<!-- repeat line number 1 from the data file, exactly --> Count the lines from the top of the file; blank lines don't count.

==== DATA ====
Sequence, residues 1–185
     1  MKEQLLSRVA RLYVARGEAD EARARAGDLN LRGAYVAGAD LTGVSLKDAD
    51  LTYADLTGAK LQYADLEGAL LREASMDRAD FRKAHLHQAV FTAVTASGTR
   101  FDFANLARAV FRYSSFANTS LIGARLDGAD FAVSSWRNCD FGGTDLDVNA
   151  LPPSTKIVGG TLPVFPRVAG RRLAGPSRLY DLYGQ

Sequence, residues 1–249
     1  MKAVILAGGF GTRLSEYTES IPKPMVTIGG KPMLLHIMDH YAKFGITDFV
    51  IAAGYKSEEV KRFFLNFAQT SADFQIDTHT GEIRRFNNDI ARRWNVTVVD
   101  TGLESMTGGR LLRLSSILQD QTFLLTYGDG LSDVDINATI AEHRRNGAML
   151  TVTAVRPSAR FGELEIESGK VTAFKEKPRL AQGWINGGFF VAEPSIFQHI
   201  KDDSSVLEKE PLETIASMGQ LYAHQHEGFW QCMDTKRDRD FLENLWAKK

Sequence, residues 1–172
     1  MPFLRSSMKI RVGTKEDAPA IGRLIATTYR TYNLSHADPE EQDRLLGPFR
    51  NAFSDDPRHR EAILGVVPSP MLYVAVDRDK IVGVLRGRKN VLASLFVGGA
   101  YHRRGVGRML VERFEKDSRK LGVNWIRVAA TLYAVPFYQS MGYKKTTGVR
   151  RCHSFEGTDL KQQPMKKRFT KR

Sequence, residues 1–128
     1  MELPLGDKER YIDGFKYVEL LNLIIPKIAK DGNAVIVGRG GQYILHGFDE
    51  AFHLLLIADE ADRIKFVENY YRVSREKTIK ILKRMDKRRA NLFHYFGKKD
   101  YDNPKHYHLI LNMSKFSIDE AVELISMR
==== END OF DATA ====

Sequence, residues 1–185